In the situations dealt with in the foregoing decisions substantially the same evidence determined the liability of the various defendants both under the applicable federal statutes and under the common law right to prevent unfair competition through a copying or simulation of complainant's compositions, trade-marks or designs, to the injury of its business and good-will and the loss of its customers. The common law copyright, trade-mark or design was of the same matter covered by the registered copyright, trade-mark or patent and the only additional factor required in order to establish unfair competition was proof that goods having the appearance of defendant's had become associated in the public mind with products emanating from the complainant.

In the case before us we can see no substantial identity between the proof showing infringement of the complainant's patents and that showing an infringement of its common law trade-mark "Infusion." Proof of infringement of the patents would require no evidence of the use of the word "infusion" and proof of the similarity of complainant's and defendant's containers would not establish infringement of the patents. The two counts do not merely allege different grounds of recovery founded upon substantially the same facts, but rather set forth causes of action which under the doctrine of Hurn v. Oursler and Armstrong Paint & Varnish Works v. NuEnamel Corp., supra, are separate and cannot be joined, since one is federal and the other non-federal. Consequently, the district judge properly dismissed the second cause of action for lack of jurisdiction.

If jurisdiction over the second cause of action had existed it would seem probable that sufficient facts were set forth to uphold the claim of unfair competition. The complaint alleges that the designation "infused" has acquired a secondary meaning which indicates to the trade and the public a product, made under the supervision of the complainant and manufactured according to the patents in suit. Accordingly the allegations would apparently be sufficient to sustain the cause of action on the merits, in spite of the fact that "infused" is a descriptive term and it is not alleged that complainant has been engaged in manufacturing. Menendez v. Holt, 128 U.S. 514, 9 S.Ct. 143, 32 L.Ed. 526. But when the court dismissed the second cause of action because federal jurisdiction was lacking it had no power to pass upon the merits of the claim. Absence of federal jurisdiction over the subject-matter necessarily rendered further consideration of the claim impossible and made all further questions nonjusticiable.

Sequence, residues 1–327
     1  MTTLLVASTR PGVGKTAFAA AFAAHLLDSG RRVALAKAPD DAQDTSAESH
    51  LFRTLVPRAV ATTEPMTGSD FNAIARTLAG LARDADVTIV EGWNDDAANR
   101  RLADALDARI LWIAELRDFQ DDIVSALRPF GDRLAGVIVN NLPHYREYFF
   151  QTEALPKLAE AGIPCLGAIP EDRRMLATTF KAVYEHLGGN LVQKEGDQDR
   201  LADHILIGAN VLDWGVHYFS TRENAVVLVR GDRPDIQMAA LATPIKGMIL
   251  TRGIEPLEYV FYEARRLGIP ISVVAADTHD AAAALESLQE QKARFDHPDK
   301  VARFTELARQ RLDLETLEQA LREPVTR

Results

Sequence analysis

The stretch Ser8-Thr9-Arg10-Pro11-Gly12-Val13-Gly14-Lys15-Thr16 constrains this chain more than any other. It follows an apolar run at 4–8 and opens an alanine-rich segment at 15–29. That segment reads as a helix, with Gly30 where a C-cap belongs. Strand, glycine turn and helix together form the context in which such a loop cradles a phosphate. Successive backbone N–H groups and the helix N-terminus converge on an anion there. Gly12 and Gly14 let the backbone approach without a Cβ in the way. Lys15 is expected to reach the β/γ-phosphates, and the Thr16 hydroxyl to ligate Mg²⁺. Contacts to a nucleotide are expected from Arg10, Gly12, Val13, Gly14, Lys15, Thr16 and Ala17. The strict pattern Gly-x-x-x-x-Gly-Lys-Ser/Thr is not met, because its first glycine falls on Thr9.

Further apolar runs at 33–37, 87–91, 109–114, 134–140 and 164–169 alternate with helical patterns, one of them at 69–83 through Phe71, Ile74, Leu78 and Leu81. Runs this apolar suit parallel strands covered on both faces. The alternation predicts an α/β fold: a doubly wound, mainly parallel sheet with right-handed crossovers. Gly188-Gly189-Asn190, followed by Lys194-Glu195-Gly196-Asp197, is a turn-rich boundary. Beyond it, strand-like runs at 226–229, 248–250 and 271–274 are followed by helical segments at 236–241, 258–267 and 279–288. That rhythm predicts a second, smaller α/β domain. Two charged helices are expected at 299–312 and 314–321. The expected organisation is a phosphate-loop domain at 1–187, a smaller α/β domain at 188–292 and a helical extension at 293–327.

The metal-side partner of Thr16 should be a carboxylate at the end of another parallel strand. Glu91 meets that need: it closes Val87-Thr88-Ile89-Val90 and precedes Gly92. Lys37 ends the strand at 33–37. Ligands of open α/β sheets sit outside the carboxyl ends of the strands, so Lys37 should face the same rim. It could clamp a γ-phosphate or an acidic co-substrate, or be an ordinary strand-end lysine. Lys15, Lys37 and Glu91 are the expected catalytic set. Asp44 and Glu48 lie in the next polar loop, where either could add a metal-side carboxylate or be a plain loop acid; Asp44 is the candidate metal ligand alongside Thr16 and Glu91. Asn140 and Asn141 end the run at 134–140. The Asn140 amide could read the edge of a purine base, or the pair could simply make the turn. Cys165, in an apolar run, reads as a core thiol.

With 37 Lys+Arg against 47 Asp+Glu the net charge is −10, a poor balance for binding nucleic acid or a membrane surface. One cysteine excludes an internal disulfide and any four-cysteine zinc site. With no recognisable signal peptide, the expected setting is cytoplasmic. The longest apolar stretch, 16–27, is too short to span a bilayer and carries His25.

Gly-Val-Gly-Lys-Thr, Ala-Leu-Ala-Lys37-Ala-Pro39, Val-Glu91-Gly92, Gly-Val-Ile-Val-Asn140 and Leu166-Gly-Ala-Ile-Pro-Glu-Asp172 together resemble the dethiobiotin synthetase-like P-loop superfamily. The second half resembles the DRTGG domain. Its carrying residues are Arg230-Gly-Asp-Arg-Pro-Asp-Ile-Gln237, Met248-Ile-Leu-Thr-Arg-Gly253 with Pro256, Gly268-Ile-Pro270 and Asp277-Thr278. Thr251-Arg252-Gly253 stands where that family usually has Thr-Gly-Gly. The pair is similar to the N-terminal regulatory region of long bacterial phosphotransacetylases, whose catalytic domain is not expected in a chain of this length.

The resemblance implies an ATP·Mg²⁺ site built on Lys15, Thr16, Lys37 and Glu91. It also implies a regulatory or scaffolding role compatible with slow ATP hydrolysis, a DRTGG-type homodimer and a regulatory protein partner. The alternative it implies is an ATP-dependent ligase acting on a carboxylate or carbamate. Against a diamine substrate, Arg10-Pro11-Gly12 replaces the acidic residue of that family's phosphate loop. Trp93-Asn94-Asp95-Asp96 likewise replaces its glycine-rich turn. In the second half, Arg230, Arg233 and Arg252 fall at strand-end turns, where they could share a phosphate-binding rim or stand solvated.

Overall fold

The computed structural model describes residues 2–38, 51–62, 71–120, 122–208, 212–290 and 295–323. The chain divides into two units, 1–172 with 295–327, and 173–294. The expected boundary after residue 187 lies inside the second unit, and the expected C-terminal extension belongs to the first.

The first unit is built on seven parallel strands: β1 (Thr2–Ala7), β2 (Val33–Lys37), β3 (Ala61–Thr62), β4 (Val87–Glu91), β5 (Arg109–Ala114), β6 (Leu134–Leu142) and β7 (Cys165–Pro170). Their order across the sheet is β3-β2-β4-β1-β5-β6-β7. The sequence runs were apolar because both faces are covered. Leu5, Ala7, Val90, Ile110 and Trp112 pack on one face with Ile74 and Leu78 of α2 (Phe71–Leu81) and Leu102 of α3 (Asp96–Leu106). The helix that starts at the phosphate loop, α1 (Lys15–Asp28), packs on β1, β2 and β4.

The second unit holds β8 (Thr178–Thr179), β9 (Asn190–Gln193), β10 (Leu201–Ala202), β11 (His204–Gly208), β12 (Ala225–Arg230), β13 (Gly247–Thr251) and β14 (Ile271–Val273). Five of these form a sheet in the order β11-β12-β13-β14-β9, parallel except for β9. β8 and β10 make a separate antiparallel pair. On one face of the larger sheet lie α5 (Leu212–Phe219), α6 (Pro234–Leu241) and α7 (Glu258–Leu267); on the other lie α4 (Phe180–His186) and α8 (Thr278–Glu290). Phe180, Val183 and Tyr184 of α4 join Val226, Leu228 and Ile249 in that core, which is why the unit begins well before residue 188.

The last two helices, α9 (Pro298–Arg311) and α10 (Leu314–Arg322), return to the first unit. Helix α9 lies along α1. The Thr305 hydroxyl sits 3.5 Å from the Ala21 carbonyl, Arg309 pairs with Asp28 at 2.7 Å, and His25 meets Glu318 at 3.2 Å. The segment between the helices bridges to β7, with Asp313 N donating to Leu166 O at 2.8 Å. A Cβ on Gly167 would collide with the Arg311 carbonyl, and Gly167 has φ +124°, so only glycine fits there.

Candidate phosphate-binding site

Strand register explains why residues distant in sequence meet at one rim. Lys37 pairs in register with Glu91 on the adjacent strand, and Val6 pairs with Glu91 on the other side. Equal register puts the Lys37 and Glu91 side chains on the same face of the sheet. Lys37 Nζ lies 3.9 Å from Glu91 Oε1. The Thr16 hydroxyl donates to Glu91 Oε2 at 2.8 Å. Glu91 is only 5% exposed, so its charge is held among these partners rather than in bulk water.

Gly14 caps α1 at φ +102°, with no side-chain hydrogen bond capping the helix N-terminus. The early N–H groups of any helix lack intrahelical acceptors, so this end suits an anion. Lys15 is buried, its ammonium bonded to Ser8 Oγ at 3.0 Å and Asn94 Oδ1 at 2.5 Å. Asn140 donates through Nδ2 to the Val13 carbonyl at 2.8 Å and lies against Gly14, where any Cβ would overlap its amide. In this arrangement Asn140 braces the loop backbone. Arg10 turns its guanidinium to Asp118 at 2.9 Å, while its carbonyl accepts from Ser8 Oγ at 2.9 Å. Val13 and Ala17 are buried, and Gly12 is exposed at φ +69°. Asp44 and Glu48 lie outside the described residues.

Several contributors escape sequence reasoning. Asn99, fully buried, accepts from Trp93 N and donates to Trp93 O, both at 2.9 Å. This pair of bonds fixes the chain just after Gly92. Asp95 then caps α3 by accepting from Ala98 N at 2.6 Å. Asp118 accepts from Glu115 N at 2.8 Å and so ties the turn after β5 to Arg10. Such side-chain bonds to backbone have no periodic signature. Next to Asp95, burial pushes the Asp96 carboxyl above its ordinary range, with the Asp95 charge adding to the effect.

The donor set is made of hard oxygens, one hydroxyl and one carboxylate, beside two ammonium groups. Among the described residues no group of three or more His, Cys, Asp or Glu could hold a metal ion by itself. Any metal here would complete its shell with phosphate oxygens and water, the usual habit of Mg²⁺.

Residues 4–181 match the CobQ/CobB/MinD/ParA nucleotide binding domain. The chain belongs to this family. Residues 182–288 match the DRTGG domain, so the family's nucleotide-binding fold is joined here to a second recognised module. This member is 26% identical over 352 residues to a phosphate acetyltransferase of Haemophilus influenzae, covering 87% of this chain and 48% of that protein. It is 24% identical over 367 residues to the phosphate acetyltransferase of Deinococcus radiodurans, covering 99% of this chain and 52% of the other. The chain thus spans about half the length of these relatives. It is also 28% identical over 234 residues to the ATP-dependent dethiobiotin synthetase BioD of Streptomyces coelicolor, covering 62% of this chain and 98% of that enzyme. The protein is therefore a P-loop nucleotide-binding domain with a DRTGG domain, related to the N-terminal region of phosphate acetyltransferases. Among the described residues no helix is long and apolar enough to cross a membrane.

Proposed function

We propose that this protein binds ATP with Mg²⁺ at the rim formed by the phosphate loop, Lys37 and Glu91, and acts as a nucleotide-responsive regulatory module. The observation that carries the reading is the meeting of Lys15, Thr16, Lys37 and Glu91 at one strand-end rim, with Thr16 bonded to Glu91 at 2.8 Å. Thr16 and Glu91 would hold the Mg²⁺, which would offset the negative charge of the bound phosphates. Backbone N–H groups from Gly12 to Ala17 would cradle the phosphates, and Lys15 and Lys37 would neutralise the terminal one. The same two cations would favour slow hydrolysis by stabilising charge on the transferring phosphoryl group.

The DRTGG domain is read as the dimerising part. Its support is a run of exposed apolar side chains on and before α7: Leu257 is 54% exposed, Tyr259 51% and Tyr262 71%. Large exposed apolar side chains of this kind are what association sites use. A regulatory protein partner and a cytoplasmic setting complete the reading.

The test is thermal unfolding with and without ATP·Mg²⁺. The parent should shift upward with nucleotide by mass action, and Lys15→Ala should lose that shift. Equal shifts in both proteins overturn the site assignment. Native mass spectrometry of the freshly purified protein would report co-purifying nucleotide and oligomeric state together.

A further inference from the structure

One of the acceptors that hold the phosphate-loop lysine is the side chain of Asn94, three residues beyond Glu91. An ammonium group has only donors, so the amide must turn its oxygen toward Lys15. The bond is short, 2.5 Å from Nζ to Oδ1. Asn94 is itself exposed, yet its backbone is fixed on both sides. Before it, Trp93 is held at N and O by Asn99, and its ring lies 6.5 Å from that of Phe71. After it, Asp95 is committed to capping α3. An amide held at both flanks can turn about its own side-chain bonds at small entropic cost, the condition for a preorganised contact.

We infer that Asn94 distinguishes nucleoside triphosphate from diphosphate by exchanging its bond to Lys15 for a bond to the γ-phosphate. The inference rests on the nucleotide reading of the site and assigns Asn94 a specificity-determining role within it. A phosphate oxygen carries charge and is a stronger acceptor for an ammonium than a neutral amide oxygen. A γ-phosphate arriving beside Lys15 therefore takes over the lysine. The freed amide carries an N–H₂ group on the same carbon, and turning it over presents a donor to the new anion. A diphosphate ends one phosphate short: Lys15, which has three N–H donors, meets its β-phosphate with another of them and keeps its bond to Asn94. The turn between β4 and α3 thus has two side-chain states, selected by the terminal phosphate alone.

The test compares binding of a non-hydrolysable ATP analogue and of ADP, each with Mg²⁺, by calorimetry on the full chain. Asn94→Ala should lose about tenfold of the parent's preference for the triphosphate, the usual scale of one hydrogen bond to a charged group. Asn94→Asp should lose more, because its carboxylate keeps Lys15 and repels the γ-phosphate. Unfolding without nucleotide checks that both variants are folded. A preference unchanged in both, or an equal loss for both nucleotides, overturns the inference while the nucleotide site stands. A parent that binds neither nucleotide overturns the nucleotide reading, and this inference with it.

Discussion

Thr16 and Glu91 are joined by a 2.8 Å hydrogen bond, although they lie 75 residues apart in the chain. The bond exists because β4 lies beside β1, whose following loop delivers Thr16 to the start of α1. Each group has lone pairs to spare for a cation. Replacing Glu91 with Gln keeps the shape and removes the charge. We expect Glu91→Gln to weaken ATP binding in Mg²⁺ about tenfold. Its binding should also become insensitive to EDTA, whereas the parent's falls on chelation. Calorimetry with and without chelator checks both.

Under our decision in Collins v. Metro-Goldwyn Pictures Corp., 2 Cir., 106 F.2d 83, the order is appealable. Indeed, if the second cause of action is properly held independent of the claim of patent infringement, an appeal is allowable under familiar canons of appellate procedure. United States v. River Rouge Imp. Co., 269 U.S. 411, 46 S.Ct. 144, 70 L.Ed. 339.

The order so far as it dismissed the second cause of action for lack of jurisdiction is affirmed, but so far as it dismissed the cause of action on the merits is reversed. The motion for dismissal on the merits which was granted in the court below is denied for lack of jurisdiction over the subject-matter.

C. E. CLARK, Circuit Judge (dissenting).

Hurn v. Oursler, supra, repudiated the "second circuit rule" that "however intimately the claims of unfair competition and infringement are related, the federal court is without power to consider the former," page 241 of 289 U.S., page 587 of 53 S.Ct. 77 L.Ed. 1148, and upheld the doctrine that a single cause of action, properly in the federal court, must be completely adjudicated there. I cannot avoid the feeling that, here as in other recent cases, my colleagues are shying away from the natural implications of that decision. Treasure Imports, Inc. v. Henry Amdur & Sons, 2 Cir., 127 F.2d 3, March 9, 1942; Lewis v. Vendome Bags, Inc., 2 Cir., 108 F.2d 16, certiorari denied 309 U.S. 660, 60 S.Ct. 514, 84 L.Ed. 1008. Perhaps I, too, stand convicted of the same charge for my holding of lack of jurisdiction in Pure Oil Co. v. Puritan Oil Co., D.C.Conn., 39 F.Supp. 68, now reversed by other members of this court in 2 Cir., 127 F.2d 6, March 14, 1942. Be that as it may, the Hurn doctrine seems to me logical and vastly saving of unnecessary duplication of litigation. If the roast must be reserved exclusively for the federal bench, it is anomalous to send the gravy across the street to the state court house. Of course, there was left a certain indefiniteness, even ambiguity, as to the outer reaches of the doctrine and the extent of a single cause of action, but perhaps not more than occurs in any judicial drawing of boundary lines. See my remarks in Lewis v. Vendome Bags, Inc., supra, 108 F.2d at pages 19, 20. At any rate, it has been reiterated by a unanimous court in Armstrong Paint & Varnish Works v. Nu-Enamel Corp., supra; and we should do our best to follow it.